# Reparametizations and prior distributions of positive parameters

Hi everyone!

I have a more general question:

Are there any specific customs or guidelines on how to reparameterize the distributions we use for positive parameters? I have a model with a number of (weakly) positive parameters and so far fared well with the approach discussed here, i.e., just drawing from a Normal distribution and restricting the parameter to be positive.

However, I got some divergences in my models and may want to re-parameterize, but I’m unsure how to proceed. Of course, the normal distribution can be easily re-parameterized (see below), but how would you go about ensuring it remains positive? Restricting the “raw” z-score doesn’t make any sense to me and simply restricting the final parameter lead to STAN complaining that parameters are outside their legal range (which makes sense to me).

parameters {
real p_mu;
real p_sigma;
real <lower=0>param;

real p_raw;
}

model {
param ~ normal(p_mu,p_sigma);
...
//reparameterized version:
param_raw ~ std_normal()
param = p_mu + param_raw*p_sigma
}


This got me thinking that it’s probably better to use a different distribution anyways. The exponential distribution seems like it can be easily reparameterized (as discussed here) , but is this really my only option?

//reparameterized exponential

parameters{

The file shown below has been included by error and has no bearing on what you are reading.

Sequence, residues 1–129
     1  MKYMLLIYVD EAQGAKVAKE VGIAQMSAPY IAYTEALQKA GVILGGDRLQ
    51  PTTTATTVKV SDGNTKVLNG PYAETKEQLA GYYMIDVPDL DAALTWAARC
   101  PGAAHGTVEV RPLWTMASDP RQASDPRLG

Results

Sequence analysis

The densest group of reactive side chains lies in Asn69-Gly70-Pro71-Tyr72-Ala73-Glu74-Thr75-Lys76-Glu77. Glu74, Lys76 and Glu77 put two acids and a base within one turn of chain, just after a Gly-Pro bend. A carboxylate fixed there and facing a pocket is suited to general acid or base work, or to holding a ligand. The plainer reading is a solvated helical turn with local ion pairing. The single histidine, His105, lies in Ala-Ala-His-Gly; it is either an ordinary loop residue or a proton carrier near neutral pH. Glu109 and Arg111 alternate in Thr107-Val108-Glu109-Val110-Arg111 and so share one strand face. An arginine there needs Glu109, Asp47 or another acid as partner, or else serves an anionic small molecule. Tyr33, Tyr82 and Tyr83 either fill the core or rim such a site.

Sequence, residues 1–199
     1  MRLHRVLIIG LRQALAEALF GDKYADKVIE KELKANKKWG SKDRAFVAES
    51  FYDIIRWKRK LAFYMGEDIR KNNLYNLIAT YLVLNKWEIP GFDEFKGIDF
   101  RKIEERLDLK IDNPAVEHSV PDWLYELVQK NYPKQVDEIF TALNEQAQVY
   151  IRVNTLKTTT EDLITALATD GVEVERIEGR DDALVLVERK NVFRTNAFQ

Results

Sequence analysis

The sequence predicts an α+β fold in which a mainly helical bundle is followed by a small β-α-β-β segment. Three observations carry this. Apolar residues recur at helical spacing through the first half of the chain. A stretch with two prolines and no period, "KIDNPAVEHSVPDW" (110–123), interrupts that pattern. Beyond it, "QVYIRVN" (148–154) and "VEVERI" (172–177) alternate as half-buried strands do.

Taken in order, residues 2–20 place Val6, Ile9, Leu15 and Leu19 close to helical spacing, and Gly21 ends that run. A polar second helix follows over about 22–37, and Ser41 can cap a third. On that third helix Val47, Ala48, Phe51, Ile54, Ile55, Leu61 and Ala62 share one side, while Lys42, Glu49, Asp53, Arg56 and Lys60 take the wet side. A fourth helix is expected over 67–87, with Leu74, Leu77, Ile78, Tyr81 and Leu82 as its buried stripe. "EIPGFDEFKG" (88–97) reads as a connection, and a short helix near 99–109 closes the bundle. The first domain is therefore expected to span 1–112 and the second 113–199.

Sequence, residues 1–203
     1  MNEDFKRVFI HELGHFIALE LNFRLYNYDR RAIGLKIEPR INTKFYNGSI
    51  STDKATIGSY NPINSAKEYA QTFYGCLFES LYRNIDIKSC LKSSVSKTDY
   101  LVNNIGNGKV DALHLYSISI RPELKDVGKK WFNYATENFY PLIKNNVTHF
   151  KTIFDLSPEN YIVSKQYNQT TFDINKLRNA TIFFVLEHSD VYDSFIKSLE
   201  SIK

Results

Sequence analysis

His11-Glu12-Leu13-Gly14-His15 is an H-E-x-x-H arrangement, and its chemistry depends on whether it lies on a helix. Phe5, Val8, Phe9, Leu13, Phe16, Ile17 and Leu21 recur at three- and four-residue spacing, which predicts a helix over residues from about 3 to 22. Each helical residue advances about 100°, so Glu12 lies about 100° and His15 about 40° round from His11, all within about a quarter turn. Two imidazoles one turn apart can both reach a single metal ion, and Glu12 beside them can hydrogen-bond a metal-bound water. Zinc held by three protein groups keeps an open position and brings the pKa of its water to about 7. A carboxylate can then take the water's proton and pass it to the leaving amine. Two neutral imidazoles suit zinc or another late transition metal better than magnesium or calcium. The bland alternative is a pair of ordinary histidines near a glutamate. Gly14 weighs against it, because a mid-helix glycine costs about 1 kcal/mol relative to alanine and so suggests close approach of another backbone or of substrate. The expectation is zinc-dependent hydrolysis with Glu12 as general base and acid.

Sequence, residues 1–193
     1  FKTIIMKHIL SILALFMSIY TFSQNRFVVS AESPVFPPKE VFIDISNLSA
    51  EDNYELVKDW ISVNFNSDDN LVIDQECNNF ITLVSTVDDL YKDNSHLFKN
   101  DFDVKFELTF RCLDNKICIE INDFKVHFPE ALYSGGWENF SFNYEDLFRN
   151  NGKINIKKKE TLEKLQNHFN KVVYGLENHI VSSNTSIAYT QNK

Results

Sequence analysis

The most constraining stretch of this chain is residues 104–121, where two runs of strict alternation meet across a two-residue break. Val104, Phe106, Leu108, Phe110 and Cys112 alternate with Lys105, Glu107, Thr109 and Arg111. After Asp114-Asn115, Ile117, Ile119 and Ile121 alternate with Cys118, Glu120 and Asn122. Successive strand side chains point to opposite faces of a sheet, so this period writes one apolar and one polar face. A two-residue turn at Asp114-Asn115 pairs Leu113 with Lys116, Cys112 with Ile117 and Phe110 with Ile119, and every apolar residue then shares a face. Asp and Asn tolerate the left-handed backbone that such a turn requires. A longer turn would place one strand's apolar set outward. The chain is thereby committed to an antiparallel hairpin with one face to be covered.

real p_rate;
real param_raw;

real param;
}

model{
param_raw ~exponential(1)
param = 1/p_rate * param_raw
}



To sum up, I have two questions:

1. Am I right in abandoning the reparameterized half-normal for positive parameters?
2. What other distributions are appropriate, and how can I reparameterize these distributions?

Best
N

The challenge is that “centering” and “non-centering” are not the universal solutions that they are often presented as. Only some very exceptional families of density functions admit various notions of centering and non-centering.

For example the common convention for a half-normal density family is \text{normal}(x; 0, \sigma) with inputs x fixed to positive values. In this case the family admits a multiplicative non-centering,

real<lower=0> z; ... z_tilde ~ normal(0, 1): ... z = sigma * z_tilde;

just like the exponential family of density functions does (as in \text{exponential}(x; \phi) not to be confused with the exponential family of families of density functions…). There is no notion of an additive non-centering. This pattern also holds for most densities over the positive real line that peak at zero.

When the location parameter isn’t zero this multiplicative non-centering is no longer valid. In general a truncated normal density function does not admit addictive or multiplicative non-centering.

Whether to use a density that peaks at zero or a log-normal density that can peak at non-zero values is a modeling question that can be answered only in the context of a particular application.